Senators unveil resolution limiting presidential war powers following Trump's Syria strikes
The Authorization for the Use of Military Force (AUMF) resolution from Sens. Tim Kaine (D-VA) and Bob Corker (R-TN) would repeal broad authorizations from Congress which were approved in 2001 and 2002 for the wars in Afghanistan and Iraq. They would be replaced with new approval to go after specific "non-state terrorist groups.”
Specifically, the resolution would authorize “all necessary and appropriate force” against Al-Qaeda, the Taliban, Islamic State (IS, formerly ISIS) and associated forces. It would not, however, authorize action against a nation state.
The resolution would require the president to report to Congress within 48 hours after deciding to start any new military action. Congress would then have 60 days to review the situation and remove the authority to use force if it didn't agree.
No limit on military action is detailed in the resolution. However, a congressional review of the AUMF would take place every four years, which would allow lawmakers to restrict or expand any existing mission.
According to the US constitution, only Congress – not the president – has the right to authorize war. The president only has explicit power to initiate war without congressional approval in order to "repel sudden attacks" or to target terrorist organizations linked to the 9/11 attacks. However, many on Capitol Hill believe Congress has ceded too much of its authority over the military and is aiming to regain that control.
"For too long, Congress has given presidents a blank check to wage war. We've let the 9/11 and Iraq war authorizations get stretched to justify wars against multiple terrorist groups in over a dozen countries, from Niger to the Philippines," Kaine said. The existing war powers which have been in place since 9/11 have been used nearly 40 times in 14 countries.
The Democratic senator hailed the proposal for repealing those authorizations and making Congress "do its job by weighing in on where, when, and with who we are at war." The Senate Foreign Relations Committee is expected to consider the resolution next week.
However, former US congressman Ron Paul told RT that he doesn't believe the resolution is the answer to America's habit of going to war "so many times" since World War II but "never doing it properly."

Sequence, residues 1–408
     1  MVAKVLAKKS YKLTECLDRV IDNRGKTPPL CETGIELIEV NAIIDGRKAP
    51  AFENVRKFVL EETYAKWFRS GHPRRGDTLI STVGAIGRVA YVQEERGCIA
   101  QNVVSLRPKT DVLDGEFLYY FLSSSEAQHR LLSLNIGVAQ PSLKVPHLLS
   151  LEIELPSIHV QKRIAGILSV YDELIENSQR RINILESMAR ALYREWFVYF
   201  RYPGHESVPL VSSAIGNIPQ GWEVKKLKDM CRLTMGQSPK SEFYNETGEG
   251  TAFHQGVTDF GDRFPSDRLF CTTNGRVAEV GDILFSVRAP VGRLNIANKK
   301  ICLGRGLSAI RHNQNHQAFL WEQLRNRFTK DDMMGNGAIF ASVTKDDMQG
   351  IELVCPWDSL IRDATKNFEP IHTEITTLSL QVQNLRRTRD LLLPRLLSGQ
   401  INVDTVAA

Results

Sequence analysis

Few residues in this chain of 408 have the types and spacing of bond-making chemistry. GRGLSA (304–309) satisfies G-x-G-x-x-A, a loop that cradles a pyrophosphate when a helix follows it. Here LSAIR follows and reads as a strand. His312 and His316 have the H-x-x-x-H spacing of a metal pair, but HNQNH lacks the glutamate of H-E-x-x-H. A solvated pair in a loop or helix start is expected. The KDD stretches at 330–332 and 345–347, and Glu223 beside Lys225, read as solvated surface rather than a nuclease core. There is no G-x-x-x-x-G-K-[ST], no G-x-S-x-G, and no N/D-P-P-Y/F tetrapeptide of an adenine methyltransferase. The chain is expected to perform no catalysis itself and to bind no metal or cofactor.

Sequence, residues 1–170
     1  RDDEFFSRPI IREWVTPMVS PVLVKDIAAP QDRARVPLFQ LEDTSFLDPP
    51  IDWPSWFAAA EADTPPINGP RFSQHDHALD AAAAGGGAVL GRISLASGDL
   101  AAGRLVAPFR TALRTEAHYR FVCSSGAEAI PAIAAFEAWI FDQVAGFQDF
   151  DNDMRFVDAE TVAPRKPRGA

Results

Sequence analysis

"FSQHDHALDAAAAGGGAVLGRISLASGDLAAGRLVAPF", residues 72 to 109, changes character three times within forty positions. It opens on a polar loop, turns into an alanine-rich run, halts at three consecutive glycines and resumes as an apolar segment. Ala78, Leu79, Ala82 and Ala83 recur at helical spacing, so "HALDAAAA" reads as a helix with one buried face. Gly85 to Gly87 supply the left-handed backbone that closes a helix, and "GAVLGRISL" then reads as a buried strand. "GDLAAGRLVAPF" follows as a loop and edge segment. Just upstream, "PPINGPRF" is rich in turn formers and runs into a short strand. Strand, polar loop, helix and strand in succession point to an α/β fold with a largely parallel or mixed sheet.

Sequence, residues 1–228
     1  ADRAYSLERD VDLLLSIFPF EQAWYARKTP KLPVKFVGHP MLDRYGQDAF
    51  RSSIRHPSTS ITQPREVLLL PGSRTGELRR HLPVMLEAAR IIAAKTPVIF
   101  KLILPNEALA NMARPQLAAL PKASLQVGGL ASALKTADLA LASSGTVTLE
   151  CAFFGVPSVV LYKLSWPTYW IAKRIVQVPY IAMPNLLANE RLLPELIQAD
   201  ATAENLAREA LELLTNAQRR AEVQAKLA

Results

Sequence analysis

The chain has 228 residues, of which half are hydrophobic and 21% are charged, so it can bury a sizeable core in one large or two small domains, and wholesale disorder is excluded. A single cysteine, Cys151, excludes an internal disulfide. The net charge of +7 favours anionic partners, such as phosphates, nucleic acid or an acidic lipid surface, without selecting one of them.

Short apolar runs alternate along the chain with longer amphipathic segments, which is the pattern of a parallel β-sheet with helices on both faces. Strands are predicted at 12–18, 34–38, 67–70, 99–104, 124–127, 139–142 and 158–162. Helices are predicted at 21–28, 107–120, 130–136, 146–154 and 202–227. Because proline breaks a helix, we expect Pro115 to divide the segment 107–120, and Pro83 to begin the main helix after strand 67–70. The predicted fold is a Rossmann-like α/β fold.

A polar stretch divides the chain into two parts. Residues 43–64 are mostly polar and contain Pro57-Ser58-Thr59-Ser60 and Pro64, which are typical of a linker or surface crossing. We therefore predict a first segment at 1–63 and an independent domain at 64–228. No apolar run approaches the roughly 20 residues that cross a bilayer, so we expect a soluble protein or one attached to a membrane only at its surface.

Paul said the resolution "wouldn't slow up the effort to go to war," but would essentially just "define things slightly differently." He said he doesn't believe it will pass, but if it does, "it's more likely to make things worse for us who would like to stay out of war and to protect our liberties here at home."
It comes just three days after Trump launched missile strikes on Syria over an alleged chemical attack which the US president blames on the government of Bashar Assad. The move has conjured up debate in Congress, with many saying he should have sought congressional approval before taking military action. They believe he stepped beyond his authority since the US was not facing a direct security risk.
“President Trump’s action still raises the constitutional question of his authority to unilaterally attack another nation without congressional authorization,” said Sen. Dick Durbin (D-IL), as quoted by AP. Sen. Mike Lee (R-UT) echoed those thoughts. "No president of the United States, no matter party or political ideology, has the authority to unilaterally start a war," he said.
Still, others in Congress believe Trump was perfectly within his rights to take action, including House Speaker Paul Ryan. Senate Majority Leader Mitch McConnell (R-KY) also supports the action, saying it was "time to act."
Trump, along with the UK and France, launched strikes on Syria despite a lack of evidence that Assad's government was responsible for a chemichemical attack. The powers refused to wait for the results of an official Office for the Prohibition of Chemical Weapons (OPCW) investigation before taking action, a move which has been criticized by Russia.
The strikes also came despite the Russian military traveling to the scene of the alleged attack and finding zero evidence of a toxic agent. Moscow has stated that the so-called attack – which was first reported by the controversial White Helmets – was staged.
“We have not just a ‘high level of confidence,’ as our Western partners uniformly put it; we have irrefutable proof that there was no chemical attack in Douma on April 7,” Russia’s Ambassador to the Organization for the Prohibition of the Chemical Weapons Aleksandr Shulgin said at a special meeting of the UN chemical watchdog’s executive council. The diplomat added that the incident had been a “pre-planned false-flag attack by the British security services, which could have also been aided by their allies in Washington.”